firstly, "an opponent in a lawsuit," Matthew 5:25 (twice); Luke 12:58; 18:3 , is also used to denote "an adversary or an enemy," without reference to legal affairs, and this is perhaps its meaning in 1 Peter 5:8 , where it is used of the Devil. Some would regard the word as there used in a legal sense, since the Devil accuses men before God.
is, lit., "to lie opposite to, to be set over against." In addition to its legal sense it signifies "to withstand;" the present participle of the verb with the article, which is equivalent to a noun, signifies "an adversary," e.g., Luke 13:17; 21:15; 1 Corinthians 16:9; Philippians 1:28; 1 Timothy 5:14 . This construction is used of the Man of Sin, in 2 Thessalonians 2:4 , and is translated "He that opposeth," where, adopting the noun form, we might render by "the opponent and self-exalter against..." In Galatians 5:17 it is used of the antagonism between the Holy Spirit and the flesh in the believer; in 1 Timothy 1:10 , of anything, in addition to persons, that is opposed to the doctrine of Christ. In these two places the word is rendered "contrary to." In the Sept. it is used of Satan, Zechariah 3:1 , and of men, Job 13:24; Isaiah 66:6 . See CONTRARY , OPPOSE.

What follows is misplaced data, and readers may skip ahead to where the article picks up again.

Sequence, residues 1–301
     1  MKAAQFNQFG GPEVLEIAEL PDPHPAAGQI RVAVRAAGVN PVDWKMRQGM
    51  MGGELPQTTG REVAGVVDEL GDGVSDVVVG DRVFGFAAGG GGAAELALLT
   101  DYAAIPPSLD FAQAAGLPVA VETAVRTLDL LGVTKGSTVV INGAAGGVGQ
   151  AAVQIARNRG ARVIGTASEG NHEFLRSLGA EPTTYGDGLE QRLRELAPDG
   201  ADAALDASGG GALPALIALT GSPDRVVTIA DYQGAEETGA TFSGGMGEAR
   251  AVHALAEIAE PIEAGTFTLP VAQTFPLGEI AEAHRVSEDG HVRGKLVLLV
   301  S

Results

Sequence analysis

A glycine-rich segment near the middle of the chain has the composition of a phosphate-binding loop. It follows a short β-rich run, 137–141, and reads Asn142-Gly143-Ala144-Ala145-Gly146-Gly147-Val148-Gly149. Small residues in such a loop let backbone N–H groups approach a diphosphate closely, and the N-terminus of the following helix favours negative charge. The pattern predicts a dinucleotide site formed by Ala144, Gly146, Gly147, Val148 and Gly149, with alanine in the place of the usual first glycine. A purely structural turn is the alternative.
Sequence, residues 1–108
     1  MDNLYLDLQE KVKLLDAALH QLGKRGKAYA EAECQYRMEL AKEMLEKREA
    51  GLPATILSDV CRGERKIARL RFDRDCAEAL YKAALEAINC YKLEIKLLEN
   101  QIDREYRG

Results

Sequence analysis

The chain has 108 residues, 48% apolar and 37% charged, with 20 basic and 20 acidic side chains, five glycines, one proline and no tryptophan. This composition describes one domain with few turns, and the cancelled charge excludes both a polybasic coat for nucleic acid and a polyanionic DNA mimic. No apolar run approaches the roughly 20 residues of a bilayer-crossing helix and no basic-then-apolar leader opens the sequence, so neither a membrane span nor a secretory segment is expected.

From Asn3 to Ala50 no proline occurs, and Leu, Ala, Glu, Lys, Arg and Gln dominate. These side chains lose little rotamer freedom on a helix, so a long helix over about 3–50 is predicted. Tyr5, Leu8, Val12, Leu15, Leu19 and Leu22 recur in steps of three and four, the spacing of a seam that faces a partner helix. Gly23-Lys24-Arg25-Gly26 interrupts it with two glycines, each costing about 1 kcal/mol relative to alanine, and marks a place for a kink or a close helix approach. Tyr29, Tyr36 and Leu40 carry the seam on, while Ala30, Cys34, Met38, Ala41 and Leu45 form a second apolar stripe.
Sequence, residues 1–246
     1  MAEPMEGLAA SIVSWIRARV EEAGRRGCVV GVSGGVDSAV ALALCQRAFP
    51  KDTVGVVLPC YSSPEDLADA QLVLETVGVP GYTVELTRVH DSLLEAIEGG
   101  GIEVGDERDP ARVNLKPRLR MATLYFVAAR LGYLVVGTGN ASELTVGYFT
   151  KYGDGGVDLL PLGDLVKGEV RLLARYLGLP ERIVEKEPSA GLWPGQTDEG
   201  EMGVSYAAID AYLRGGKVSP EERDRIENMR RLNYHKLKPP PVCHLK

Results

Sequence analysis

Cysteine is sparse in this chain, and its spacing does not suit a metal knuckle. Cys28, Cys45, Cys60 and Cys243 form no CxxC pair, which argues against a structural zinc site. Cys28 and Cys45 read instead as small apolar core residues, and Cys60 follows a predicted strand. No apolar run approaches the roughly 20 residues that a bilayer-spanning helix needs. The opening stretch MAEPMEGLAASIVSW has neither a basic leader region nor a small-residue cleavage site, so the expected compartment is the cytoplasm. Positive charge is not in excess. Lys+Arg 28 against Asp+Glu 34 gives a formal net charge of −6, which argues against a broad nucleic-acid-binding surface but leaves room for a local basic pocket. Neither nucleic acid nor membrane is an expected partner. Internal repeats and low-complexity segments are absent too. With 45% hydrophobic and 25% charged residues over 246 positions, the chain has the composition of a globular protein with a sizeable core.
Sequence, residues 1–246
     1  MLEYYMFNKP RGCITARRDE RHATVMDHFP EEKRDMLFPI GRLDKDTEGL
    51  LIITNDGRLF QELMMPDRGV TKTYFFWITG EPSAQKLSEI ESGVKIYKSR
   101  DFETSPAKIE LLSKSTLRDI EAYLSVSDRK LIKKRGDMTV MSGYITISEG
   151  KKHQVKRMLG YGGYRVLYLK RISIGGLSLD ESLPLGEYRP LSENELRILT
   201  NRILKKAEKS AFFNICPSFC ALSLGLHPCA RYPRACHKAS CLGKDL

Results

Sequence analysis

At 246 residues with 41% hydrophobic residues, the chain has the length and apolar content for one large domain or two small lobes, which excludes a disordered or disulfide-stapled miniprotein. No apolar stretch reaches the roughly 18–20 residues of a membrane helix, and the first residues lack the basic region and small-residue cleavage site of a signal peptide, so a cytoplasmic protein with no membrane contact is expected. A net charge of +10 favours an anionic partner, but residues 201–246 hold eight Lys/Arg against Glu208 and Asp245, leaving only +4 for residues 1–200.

"contrary, opposed," is a strengthened form of enantios (en, "in," and antios, "set against"). The intensive force is due to the preposition hupo. It is translated "contrary to," in Colossians 2:14 , of ordinances; in Hebrews 10:27 , "adversaries." In each place a more violent form of opposition is suggested than in the case of enantios. See CONTRARY.